“It was 2.47 a.m. when Chief Inspector Alan Banks arrived at the barn and saw the body of Keith Rothwell for the first time. Only hours earlier two masked men had walked the mild-mannered accountant out of his farmhouse and clinically blasted him with a shotgun.”

The execution style murder leads Banks and his team onto many discoveries about just who and what this supposedly mild mannered accountant actually was. or, to be more precise, who was he? Husband and father certainly. A member of a dysfunctional family, certainly. An accountant with a slight preference for cooking the books and making a profit from someone else’s money, definitely. But what else was he?

Did he have a split personality? Was he a Walter Mitty type character? The details of the dodgy accountant will keep you entertained and guessing right to the end.

Dictators and money laundering often go together and in Banks’ world (and that of Peter Robinson). They go very nicely together indeed.

Title: Dry Bones That Dream

Author: Peter Robinson 1995

Publisher: Pan Books


Sun and Shadow

Sun and Shadow by Åke Edwardson 🙂 🙂 🙂 🙂

Reading a book set in the season of winter in Sweden, with a chief protagonist named Winter, led to more than a slight confusion on my part! I kept think, “Yes, I know it is winter, so what?”

“Eric Winter is the youngest Chief Inspector in Sweden; he wears sharp suits, cooks gourmet meals, has a penchant for jazz and is about to become a father.’”

Winter sounds like the typical New Age guy but, like most of us, he has his hang-ups. One is coming to terms with his father and his father’s death. The other is making a commitment to his pregnant girlfriend. To be or not to be. Or in this case, to marry or not to marry, is the question.

When a couple are found murdered in their Gothenburg flat, Winter has to juggle the investigation over worries about prospective fatherhood. I must say Winter, at almost 40 years of age, was slow to work out exactly how he felt about fatherhood and marriage. How would a baby impact on his super-tidy apartment and his super-organised lifestyle?

When his girlfriend, Angela, is threatened by the bad guy, Winter’s anxiety reaches a new level.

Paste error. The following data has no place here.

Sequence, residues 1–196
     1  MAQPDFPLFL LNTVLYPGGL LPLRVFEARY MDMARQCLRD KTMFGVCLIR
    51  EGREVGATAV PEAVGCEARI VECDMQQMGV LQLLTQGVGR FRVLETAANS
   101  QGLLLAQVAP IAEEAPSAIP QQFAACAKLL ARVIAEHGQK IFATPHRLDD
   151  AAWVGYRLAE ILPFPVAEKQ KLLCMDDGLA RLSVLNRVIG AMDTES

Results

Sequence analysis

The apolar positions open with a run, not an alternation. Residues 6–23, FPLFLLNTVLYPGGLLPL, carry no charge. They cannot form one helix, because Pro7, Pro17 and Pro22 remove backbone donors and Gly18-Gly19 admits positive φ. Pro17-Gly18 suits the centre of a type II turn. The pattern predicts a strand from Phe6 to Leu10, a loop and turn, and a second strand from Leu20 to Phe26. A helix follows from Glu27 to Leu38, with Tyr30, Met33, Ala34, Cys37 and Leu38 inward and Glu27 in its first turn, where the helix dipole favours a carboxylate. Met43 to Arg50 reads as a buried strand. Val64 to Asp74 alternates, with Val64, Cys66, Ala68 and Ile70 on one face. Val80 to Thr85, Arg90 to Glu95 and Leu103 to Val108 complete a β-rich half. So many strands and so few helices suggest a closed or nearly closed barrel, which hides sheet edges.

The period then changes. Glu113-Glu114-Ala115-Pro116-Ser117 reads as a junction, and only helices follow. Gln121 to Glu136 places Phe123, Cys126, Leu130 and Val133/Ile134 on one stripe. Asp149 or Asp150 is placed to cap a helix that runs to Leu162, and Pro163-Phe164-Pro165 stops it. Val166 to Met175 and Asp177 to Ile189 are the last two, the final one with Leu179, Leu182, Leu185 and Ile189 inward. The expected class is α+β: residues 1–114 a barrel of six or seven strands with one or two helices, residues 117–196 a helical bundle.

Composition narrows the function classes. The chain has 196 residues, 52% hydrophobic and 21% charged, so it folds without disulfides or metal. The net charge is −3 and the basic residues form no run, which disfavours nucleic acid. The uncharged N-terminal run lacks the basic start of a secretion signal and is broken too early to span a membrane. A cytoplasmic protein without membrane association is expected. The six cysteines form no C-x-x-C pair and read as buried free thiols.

Sun and Shadow takes us from Gothenburg to the Costa del Sol and back again. Hence the title as we go from wintery Sweden to the sunny Costa del Sol where Winter meets a lady he likes. Things don’t look good for Angela and their as yet unborn child.

Edwardson gives the reader a vivid hint of corruption and a cop gone bad which makes realises that corruption and bad cops are a universal problem.

Edwardson very cleverly takes his reader from one clue to another and from one possible suspect to the next. I for one got the solution wrong! And I don’t often have to admit to that.

Drugs, underage drinkers, wayward daughters and domestic violence are just a few of the problems tackled in this book.

A wonderful introduction to a Swedish Chief Inspector and to a city that is sure to have a high crime rate with Winter and his team to tackle. At least, I sincerely hope so!

Title: Sun and Shadow

Author: Ake Edwardson

Translated By: Laurie Thompson

Publisher: The Harvill Press



The Redbreast by Jo Nesbo

From the blurb on the back of the book:

“1942: Daniel, a soldier legendary among the Norwegians fighting at the East Front, is killed. Eighteen months later in a Vienna hospital, a wounded soldier becomes involved with a young nurse. The consequences will ripple forward to the end of the century.

1999: Having caused an embarrassment in the line of duty, Harry Hole is lumbered with monitoring neo-Nazi activity; a fairly mundane assignment, until reports of a rare weapon being fired attract his interest. Meanwhile, an ex-soldier has been found with his throat cute. Pursuing both his assignment and his hunches, Harry embarks on an investigation in which he has much to gain and everything to lose.”

The Redbreast is the first book by Jo Nesbo (and the first book by a Norwegian writer) to be read in my quest to read as many different writers as possible this year.

The Redbreast was Winner of the Glass Key, the Riverton Prize and the Norwegian Bookclub Prize for the best ever Norwegian crime novel.

I did have difficulty with the beginning of the book at it switched in time between 1942 and the Eastern Front and 1999. Once I was captivated by Harry Hole and Oslo, however, any annoyance and confusion soon vanished.

Harry Hole is an unlikely hero. An alcoholic, a bit of a loner who believes in doing things his way and thereby ruffling the feathers of his senior officers, Hole has one good thing going for him. he gets results.

The Redbreast, as my first introduction to Jo Nesbo and A Norwegian Police Procedural, was a great read. When Hole put on his skis to investigate a scene, I was hooked.

I also learned that there was an area of history that has been neglected in my education. I did not know that Norwegian and Dutch volunteers joined Germany and fought again Russia in WWII. I was a little taken aback when Australians were placed in the trenches along side the Dutch on the Eastern Front. As I haven’t, at the time of this report, found evidence that suggests any Australians were involved in the fighting I have put it down to either an error in translation of the original Norwegian or a typographical error.

That aside, I was fascinated by the background of the story.

The Redbreast reveals that corrupt police are universal, that alcoholism is an occupational hazard as is divorce! And heavy smoking is universal.

Title: The Redbreast

Author: Jo Nesbo

Translated By: Don Bartlett

Publisher: Harvill Secker, 2006

🙂 🙂 🙂 🙂